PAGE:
Recently I read the autobiography 'Open' after seeing it recommended on the Facebook page of a powerlifter called Sumi Singh.
A side note; I talked about her training in a Lord of the Rings length podcast with her coach Lyle McDonald. You can find the episode HERE.
It was a brilliant read if you are cool with someone whining about the rigors of life in top-level tennis for a few hundred pages. It's highly regarded as one of the best sporting memoirs out there and I can see why.
Here are the main lessons:
Powerlifting, like tennis, is extremely lonely
"No athletes talk to themselves like tennis players. Pitchers, golfers, goalkeepers, they mutter to themselves, of course, but tennis players talk to themselves — and answer. In the heat of a match, tennis players look like lunatics in a public square, ranting and swearing and conducting Lincoln-Douglas debates with their alter egos. Why? Because tennis is so damned lonely. Only boxers can understand the loneliness of tennis players — and yet boxers have their corner men and managers."
Powerlifting is as lonely. You train for a number of hours multiple times a week doing the same thing over and over again. There no-one to hit back and forth with. Just you. Unrelenting you.
You need to be ok with spending time with YOU if powerlifting is going to work for you.
Unless you are lucky enough to be able to train with partners, me, or my powerlifting group. ;)
No-one is going to rescue you mid-way through a 3 hour squat, deadlift, and assistance exercise session in an empty gym where the easiest thing in the world is to leave the session and go do something you enjoy.
You have to talk to yourself to keep yourself on point, focussed and to stop yourself from throwing in the towel due to the monotony. Or to embrace the monotony.
To achieve this, I often keep this Brian Eno quote in mind:
"Repetition doesn’t really exist.
As far as your mind is concerned, nothing happens the same twice, even if in every technical sense, the thing is identical. Your perception is constantly shifting. It doesn’t stay in one place."
I spoke about this quote in a recent Instagram post:
Like any relationship, most powerlifters face a crisis 3-5 years into training for the sport. In order to carry on, you need to find the beauty in the repetition or find a reason beyond doing the sport because you love it.
Because you don't love it anymore.
But you still have things you want to achieve.
Or you feel you still have game left.
Stop Chasing Perfection
when you make perfection the ultimate goal, do you know what you’re doing? You’re chasing something that doesn’t exist. You’re making everyone around you miserable. You’re making yourself miserable. Perfection? There’s about five times a year you wake up perfect, when you can’t lose to anybody, but it’s not those five times a year that make a tennis player. Or a human being, for that matter. It’s the other times. It’s all about your head, man. -Brad Gilbert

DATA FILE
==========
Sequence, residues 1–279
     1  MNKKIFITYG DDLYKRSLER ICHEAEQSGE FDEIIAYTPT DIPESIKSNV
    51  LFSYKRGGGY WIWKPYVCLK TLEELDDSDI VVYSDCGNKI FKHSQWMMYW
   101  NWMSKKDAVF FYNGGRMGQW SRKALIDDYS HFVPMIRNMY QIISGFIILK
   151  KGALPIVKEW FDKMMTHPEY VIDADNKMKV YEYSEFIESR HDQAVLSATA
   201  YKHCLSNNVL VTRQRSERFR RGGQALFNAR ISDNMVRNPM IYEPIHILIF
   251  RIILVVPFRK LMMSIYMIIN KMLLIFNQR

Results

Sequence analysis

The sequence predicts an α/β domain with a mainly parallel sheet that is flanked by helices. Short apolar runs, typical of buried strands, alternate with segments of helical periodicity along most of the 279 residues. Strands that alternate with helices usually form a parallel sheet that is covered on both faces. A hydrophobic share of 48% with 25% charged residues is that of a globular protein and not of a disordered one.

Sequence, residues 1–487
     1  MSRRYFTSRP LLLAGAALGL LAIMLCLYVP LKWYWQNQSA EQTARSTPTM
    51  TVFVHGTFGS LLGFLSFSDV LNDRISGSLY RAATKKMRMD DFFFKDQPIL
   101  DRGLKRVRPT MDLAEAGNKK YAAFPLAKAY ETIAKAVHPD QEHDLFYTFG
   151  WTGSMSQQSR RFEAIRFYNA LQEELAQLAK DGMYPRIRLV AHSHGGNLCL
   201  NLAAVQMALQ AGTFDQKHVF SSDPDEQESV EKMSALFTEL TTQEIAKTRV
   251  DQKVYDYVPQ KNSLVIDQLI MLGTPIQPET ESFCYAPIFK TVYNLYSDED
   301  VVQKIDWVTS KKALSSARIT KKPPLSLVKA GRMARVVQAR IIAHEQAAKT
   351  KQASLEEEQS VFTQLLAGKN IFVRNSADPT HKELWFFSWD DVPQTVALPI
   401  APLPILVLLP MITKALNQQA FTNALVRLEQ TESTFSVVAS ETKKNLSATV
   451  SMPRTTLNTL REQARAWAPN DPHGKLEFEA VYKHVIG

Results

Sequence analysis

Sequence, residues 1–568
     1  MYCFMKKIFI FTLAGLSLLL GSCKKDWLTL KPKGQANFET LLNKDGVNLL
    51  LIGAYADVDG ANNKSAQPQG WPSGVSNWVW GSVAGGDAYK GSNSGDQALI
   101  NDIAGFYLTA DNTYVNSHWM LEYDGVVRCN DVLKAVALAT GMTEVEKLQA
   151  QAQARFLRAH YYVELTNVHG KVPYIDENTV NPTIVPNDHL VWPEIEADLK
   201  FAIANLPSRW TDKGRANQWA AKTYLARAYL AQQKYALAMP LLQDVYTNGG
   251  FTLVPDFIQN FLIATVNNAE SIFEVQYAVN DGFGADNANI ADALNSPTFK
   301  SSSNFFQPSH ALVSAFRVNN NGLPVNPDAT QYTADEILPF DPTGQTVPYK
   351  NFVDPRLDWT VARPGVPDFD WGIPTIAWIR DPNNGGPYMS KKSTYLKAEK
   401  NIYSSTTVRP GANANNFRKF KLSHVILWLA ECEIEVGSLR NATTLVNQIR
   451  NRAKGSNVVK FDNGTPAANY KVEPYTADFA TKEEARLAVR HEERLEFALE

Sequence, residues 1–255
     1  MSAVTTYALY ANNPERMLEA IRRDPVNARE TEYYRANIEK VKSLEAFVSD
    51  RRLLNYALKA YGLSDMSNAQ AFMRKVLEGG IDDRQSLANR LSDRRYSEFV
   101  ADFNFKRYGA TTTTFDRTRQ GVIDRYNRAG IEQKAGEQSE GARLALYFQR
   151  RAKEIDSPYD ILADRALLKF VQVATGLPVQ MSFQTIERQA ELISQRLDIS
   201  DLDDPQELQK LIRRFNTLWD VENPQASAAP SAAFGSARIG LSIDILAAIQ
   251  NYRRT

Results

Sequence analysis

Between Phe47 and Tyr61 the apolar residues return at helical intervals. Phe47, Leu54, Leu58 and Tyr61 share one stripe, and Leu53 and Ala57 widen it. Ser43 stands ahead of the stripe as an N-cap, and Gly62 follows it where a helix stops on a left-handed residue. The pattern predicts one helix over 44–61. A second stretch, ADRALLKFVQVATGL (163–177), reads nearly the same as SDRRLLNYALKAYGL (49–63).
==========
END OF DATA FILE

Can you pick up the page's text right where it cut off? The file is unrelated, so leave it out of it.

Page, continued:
Andre Agassi, Open
Perfection doesn't exist.
Ok, the last 15 minutes of the film Last of the Mohicans is but that's another story...
I know, dear reader, that you may think "challenge accepted, I CAN BE PERFECT!"
I counter your challenge with another one:
Find me one session from anyone in the world in the history of time using heavy weights for a couple of hours where every rep is perfect.
Find me a week where everything in your life is perfectly in line with your goals and nothing disrupts your recovery in any way.
It's never happened.
Many powerlifters obsess about the perfect rep, the perfect set up, the optimal training plan, and about whether they can do something better.
They stress about it to the point where nothing is optimal anymore because they are losing sleep worrying about optimization.
Which isn't optimal, which is stressful. And the cycle repeats.
If you relate to this then you need to stop chasing perfection and 100% optimization.
Rather than optimal, the focus should be about getting everything to a place that's "good enough" to allow progress.
Quit worrying about perfection and start putting things in place that are "good enough."
If You Train for a Sport, You'll Probably Hate It Sometimes
"I hate tennis."
Andre Agassi, Open
Sometimes I hate powerlifting. Sometimes I hate my kids. Sometimes I hate myself. I love powerlifting, my kids, and myself too.
Going through the full gamut of emotions is fully expected in a lifelong relationship.
Why would it be any different when that relationship is with a sport rather than a person? At least in personal relationships, the other person talks back.
Weights are indifferent to you. In fact, they are horrible and should learn some manners.
Weights are the worst kind of people
For me, the negative emotions I associate with powerlifting are part of the challenge. Hate is one of the reasons why I want to carry on. Because I will overcome my hate and turn it into love. I will find the beauty and comfort in the repetition.
Others cannot and the relationship comes to an end. Don't feel bad about that. Train in a way that creates a sustainable relationship with the iron because lifting it is great for your health.
I'd like to thank Andre Agassi for teaching me these lessons about powerlifting through the medium of tennis.
By Chris Kershaw
The Heavy Metal Strength Coach